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From what I understand, cops shoot quite the number of armed homeowners for the same reason. We don't get stats on that because they are categorised as good shoots and that's it.

Yes - know your target. If you call the cops, hunker down and hide until they announce themselves. Then get up - unarmed. Geez :(
 

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From the article:

"The report indicates he retrieved a shotgun and fired through a window, striking the officers."

Never a good plan, unless they are getting ready to launch a Molotov.
 

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Detroit, 19 year old shoots two police responding to burglar call at his home, one critical.

Teenage resident mistakes two officers for burglars, shooting them during response - Law Enforcement Today
I would agree to know your target, however without actually knowing all the facts or being there it's hard to say what may have happened. I don't want to say one way or the other for that reason at who is at fault as I was not there and probably could never know what was going through everyone's minds, I would like to know if the cops identified themselves though?
 

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Fear can (and does) override common sense in many situations. I can only hope my "defensive awareness" mindset is stronger than my fear if and when the time comes.

I hope the guy doesn't get hit too hard over it.

Sent from my Nexus 6 using Tapatalk
 

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Maybe one of the more knowledgeable retired officers will chime in here, but in our department, we worked closely with the 911 Center to make sure the subject stayed on the phone until the officers arrived on scene. That enabled a two way sharing of critical information about where the person inside was, and where the officers outside were. The 911 operator/dispatcher always informed the caller when the cavalry was on-scene and asked them to lay down any weapons because officers were about to make contact. That policy always seemed like common sense to me.
 

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Like I said, I don't know, I wasn't there, with 3 calls from that house that day you would think they would be a bit worried about what all was going on in the premises. Especially if someone could have been outside trying to get in. I agree with you it sounds like a no win scenario and it could very well have been we don't know what was going on in that kid or the cops minds. I was not laying blame it was a question that came to mind...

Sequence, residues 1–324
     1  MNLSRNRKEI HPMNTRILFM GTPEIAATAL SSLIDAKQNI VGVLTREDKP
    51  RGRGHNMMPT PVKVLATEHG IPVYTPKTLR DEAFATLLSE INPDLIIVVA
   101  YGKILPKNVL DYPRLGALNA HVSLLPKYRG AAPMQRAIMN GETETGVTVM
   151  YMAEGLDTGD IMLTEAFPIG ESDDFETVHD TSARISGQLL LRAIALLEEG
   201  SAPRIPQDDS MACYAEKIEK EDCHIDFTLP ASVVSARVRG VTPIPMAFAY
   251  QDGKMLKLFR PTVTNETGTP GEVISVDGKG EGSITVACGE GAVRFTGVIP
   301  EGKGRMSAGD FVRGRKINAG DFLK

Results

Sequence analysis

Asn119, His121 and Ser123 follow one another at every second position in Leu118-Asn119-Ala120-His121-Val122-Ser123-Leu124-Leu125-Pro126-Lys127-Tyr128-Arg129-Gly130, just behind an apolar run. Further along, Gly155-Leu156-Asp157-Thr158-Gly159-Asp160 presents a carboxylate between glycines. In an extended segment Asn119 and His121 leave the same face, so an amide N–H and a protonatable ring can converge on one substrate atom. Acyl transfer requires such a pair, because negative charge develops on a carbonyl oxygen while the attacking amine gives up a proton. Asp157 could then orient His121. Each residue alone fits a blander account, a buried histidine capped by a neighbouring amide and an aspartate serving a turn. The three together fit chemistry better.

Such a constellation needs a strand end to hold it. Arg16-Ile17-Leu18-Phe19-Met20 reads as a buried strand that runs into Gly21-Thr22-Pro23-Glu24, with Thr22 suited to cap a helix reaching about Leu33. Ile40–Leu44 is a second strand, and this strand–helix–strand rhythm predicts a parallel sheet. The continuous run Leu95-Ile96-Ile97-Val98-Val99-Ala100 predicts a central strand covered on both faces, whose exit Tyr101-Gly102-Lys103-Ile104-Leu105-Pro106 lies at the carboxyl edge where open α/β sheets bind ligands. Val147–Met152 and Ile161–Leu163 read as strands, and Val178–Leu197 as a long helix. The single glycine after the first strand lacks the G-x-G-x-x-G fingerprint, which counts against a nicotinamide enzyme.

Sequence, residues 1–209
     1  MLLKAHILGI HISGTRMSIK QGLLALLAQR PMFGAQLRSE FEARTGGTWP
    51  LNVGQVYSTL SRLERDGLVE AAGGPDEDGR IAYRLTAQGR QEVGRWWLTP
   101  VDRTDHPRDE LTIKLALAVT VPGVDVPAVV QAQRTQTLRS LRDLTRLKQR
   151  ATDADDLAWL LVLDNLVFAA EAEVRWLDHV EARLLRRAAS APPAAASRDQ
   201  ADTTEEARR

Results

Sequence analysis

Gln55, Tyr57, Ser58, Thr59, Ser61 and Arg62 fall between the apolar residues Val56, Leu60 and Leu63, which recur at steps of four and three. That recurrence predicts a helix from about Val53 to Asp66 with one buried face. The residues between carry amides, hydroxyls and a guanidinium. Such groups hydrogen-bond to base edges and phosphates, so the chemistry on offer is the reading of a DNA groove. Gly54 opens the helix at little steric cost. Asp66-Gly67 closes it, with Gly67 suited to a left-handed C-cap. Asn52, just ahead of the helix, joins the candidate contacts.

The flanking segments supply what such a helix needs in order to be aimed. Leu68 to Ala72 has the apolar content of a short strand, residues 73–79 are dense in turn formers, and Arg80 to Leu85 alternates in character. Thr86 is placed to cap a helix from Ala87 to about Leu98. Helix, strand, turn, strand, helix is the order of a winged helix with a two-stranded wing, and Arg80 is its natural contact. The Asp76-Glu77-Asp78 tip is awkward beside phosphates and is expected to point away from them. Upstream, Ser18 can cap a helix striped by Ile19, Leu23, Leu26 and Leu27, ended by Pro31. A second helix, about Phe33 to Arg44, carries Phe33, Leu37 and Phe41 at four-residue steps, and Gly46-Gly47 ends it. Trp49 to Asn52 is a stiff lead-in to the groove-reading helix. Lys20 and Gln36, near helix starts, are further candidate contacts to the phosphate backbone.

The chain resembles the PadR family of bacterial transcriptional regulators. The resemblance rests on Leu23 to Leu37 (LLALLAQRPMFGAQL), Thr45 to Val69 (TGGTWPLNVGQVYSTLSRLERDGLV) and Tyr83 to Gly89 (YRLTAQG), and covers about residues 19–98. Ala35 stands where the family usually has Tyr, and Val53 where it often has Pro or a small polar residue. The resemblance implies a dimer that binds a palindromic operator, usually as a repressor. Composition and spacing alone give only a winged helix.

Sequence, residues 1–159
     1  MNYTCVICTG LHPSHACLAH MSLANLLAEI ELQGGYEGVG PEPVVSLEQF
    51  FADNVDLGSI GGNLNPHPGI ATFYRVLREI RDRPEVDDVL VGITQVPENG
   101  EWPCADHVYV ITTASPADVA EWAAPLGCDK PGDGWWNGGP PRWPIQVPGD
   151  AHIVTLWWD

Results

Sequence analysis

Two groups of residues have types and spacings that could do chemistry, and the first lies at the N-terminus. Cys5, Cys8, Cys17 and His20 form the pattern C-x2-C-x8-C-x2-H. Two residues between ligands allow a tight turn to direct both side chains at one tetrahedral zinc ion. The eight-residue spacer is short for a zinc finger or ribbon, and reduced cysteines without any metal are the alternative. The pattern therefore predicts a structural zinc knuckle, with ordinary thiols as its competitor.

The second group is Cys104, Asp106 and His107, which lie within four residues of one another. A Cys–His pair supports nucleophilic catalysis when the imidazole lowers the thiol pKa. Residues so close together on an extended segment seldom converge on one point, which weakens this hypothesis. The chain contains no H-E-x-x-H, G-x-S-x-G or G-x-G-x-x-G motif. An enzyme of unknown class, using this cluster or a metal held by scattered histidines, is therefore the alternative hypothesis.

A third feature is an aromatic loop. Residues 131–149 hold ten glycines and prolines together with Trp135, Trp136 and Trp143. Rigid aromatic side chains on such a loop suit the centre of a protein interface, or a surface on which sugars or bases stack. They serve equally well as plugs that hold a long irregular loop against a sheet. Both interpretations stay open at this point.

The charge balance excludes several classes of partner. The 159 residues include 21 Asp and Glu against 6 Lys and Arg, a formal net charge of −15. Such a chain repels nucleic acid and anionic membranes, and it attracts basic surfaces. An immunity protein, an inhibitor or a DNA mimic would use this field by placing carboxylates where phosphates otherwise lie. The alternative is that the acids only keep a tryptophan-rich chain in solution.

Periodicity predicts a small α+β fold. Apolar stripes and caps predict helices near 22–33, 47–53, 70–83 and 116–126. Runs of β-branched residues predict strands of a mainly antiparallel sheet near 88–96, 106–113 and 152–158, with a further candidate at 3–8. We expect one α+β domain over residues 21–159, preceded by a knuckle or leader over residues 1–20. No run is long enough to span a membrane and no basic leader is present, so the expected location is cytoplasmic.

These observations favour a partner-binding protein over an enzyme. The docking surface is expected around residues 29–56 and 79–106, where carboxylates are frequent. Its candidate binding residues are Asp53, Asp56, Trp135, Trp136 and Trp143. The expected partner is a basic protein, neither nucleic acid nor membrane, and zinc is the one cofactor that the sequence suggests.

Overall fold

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Maybe one of the more knowledgeable retired officers will chime in here, but in our department, we worked closely with the 911 Center to make sure the subject stayed on the phone until the officers arrived on scene. That enabled a two way sharing of critical information about where the person inside was, and where the officers outside were. The 911 operator/dispatcher always informed the caller when the cavalry was on-scene and asked them to lay down any weapons because officers were about to make contact. That policy always seemed like common sense to me.
This is all I'm asking but you never know the call could have been made with a cell phone that kept going dead? there are just too many unknowns with this scenario and even if we asked all the right questions, in my experience the media always seems to sensationalize and or crew up key facts to make it more news worthy so we probably will never know unless someone who investigated it or was on the jury actually tells us what happened.
 

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This is all I'm asking but you never know the call could have been made with a cell phone that kept going dead? there are just too many unknowns with this scenario and even if we asked all the right questions, in my experience the media always seems to sensationalize and or crew up key facts to make it more news worthy so we probably will never know unless someone who investigated it or was on the jury actually tells us what happened.
True. Media reports are about 1/2 as accurate as eyewitness reports, which are notoriously bad! I've listened as a Dept. spokesperson gave details, and then read the printed recounting of media and
 

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Would be interesting to know when the various calls were made that day and if police had previously responded, or if this was multiple calls for the same incident.